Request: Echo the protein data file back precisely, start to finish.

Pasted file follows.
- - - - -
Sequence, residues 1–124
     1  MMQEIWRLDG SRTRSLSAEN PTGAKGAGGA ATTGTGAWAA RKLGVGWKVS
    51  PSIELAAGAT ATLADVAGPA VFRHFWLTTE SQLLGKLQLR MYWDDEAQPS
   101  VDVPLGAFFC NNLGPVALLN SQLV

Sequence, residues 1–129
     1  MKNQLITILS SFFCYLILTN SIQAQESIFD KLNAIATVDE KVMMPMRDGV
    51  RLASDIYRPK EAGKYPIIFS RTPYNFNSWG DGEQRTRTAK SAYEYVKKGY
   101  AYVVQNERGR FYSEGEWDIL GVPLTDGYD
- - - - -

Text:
Sequence, residues 1–124
     1  MMQEIWRLDG SRTRSLSAEN PTGAKGAGGA ATTGTGAWAA RKLGVGWKVS
    51  PSIELAAGAT ATLADVAGPA VFRHFWLTTE SQLLGKLQLR MYWDDEAQPS
   101  VDVPLGAFFC NNLGPVALLN SQLV

Sequence, residues 1–129
     1  MKNQLITILS SFFCYLILTN SIQAQESIFD KLNAIATVDE KVMMPMRDGV
    51  RLASDIYRPK EAGKYPIIFS RTPYNFNSWG DGEQRTRTAK SAYEYVKKGY
   101  AYVVQNERGR FYSEGEWDIL GVPLTDGYD